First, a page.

Tatting in Appalachia

The Mountains of Appalachia have always been inhabited by hearty stock.  Out in the woods today, members of the Swannanoa Valley Museum were locating and documenting old home sites around the valley area.  Many of these homes were quite remote, even by today;’s standards.  We were struck with the fact that the people who had lived in these places were, certainly had to be, as nearly self-sufficient as a person could be.  Food, fuel, building materials, clothing and even medicines were provided by the inhabitants for themselves.

Cotton was not given to these mountains.  It required more land and different soil conditions than existed in this area.  So clothing was made from linen (flax) or wool (sheep).  We think of wool as being coarse and scratchy, but that depended a great deal on what part of the fleece the fabric was made from.  Linen could be spun into very fine threads and would hold a dye or could be bleached to a fine whiteness.  Most likely it was linen thread that the Appalachian women folk used to create their lace by tatting.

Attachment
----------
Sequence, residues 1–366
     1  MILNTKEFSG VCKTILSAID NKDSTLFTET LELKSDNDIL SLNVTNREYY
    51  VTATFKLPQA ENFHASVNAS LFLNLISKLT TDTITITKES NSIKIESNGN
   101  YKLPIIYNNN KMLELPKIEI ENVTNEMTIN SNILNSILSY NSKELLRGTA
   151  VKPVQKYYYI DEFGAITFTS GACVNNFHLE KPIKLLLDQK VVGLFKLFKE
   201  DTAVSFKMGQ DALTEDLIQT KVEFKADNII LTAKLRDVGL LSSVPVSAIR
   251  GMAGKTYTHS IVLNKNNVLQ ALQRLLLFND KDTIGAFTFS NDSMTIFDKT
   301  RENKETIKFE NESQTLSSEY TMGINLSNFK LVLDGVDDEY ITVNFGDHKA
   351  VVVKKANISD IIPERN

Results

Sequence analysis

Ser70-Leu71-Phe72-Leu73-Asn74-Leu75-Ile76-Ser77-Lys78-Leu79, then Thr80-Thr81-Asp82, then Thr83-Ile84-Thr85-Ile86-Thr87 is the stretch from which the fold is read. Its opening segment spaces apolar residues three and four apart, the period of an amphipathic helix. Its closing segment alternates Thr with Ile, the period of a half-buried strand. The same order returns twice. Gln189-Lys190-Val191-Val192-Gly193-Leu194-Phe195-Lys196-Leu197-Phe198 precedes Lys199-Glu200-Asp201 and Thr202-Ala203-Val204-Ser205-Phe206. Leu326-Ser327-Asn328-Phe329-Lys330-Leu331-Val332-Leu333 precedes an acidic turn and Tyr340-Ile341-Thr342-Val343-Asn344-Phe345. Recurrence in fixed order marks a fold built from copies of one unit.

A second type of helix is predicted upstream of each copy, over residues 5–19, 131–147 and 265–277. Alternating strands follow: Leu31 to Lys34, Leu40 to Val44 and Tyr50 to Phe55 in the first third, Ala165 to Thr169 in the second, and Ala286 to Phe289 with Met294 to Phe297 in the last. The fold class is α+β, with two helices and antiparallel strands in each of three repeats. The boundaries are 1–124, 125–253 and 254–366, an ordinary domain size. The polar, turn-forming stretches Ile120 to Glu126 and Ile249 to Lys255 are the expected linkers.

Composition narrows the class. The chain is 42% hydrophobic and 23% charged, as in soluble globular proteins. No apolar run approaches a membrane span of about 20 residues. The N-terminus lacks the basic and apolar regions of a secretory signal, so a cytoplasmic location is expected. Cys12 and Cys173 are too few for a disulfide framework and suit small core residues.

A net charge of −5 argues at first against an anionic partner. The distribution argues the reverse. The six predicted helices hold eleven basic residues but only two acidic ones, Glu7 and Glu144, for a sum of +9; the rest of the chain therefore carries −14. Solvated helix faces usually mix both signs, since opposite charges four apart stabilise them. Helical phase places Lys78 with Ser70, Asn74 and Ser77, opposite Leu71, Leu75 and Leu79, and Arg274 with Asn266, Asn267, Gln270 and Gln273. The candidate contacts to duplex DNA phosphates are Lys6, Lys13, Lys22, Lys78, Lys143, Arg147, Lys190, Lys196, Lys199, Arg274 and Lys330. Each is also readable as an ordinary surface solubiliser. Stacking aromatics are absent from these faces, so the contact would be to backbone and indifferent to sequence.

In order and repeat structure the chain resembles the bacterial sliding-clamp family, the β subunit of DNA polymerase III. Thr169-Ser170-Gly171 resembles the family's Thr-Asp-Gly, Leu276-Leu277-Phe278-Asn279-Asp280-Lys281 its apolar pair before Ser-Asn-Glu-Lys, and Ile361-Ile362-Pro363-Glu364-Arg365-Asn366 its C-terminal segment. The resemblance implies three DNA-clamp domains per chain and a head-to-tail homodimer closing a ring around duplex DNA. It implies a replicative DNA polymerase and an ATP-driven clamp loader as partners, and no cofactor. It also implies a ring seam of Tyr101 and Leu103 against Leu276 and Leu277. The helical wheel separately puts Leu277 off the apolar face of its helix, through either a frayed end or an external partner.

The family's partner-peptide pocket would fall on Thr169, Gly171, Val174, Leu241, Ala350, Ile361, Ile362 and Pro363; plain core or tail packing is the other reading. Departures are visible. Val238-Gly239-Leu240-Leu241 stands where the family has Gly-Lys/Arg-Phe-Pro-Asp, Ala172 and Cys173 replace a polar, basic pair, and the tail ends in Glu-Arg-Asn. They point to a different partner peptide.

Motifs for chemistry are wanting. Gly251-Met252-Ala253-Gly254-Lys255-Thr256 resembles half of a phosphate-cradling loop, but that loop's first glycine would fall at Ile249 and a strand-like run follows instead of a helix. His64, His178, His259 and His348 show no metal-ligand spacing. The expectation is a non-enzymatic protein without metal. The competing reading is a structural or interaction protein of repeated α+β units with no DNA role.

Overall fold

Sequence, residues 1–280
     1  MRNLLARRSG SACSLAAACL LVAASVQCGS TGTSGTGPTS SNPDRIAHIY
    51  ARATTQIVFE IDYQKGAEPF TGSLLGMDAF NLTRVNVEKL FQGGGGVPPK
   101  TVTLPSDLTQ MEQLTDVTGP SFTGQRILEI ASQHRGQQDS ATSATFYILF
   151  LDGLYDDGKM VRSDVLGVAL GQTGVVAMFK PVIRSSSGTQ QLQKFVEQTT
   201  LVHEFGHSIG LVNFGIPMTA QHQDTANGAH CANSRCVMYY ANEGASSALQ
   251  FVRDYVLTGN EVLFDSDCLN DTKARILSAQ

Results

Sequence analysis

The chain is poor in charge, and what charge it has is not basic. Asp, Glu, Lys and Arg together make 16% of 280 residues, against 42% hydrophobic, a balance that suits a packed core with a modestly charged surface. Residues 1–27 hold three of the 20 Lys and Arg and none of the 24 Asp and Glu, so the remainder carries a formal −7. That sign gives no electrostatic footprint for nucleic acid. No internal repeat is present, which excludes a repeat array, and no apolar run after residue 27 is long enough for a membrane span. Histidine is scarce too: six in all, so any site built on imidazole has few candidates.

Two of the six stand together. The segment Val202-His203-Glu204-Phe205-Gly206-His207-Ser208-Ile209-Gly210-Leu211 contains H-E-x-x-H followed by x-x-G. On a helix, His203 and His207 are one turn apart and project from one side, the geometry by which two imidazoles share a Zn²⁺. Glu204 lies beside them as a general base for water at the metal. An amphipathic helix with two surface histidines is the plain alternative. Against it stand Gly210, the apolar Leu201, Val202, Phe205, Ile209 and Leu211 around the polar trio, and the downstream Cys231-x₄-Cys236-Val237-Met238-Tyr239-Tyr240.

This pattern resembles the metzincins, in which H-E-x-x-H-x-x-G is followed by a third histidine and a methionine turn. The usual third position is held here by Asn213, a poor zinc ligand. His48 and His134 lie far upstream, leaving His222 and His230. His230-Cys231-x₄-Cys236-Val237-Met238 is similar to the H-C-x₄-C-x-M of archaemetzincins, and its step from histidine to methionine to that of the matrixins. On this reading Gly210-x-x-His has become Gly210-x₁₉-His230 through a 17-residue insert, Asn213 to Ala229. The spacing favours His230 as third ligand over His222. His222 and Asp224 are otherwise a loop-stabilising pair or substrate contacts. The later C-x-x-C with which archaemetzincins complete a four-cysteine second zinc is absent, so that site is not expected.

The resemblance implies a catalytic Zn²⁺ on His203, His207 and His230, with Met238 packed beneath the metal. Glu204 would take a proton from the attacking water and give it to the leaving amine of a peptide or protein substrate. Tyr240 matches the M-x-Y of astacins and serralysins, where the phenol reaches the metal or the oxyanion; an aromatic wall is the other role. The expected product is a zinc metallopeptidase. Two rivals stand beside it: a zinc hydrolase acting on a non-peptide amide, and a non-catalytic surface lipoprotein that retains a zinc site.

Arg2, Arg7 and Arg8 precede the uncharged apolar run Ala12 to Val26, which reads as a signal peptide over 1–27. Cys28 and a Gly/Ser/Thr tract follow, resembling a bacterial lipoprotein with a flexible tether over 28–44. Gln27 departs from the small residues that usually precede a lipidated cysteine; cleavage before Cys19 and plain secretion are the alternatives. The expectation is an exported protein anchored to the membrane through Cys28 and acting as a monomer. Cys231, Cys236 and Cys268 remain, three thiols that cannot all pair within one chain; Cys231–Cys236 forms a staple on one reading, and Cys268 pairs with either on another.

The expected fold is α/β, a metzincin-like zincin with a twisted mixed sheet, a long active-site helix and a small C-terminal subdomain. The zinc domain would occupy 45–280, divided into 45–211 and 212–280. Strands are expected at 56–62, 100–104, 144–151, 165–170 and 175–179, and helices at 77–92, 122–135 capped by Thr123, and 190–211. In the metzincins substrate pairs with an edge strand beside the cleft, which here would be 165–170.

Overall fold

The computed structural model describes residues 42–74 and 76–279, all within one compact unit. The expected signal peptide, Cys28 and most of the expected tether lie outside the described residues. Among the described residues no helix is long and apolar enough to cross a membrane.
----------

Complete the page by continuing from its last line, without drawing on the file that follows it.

There’s a wonderful article about this subject and about a woman named Anne C. Orr:   http://www.appalachianhistory.net/2011/10/reviving-ancient-art-of-tatting.html

We know Anne Orr as the author of several books containing tatting patterns, many of which are still in print.   While the article was written to encourage the reader to attend the Tennessee Fall Homecoming in Knoxville last October, it has some wonderful information about tatting, Ms Orr and the mountain people.  Life was hard enough in these mountains.  Women sometimes needed something to make them feel feminine and lace made by tatting could fulfill this desire, for they would have to create it themselves rather than buy it.

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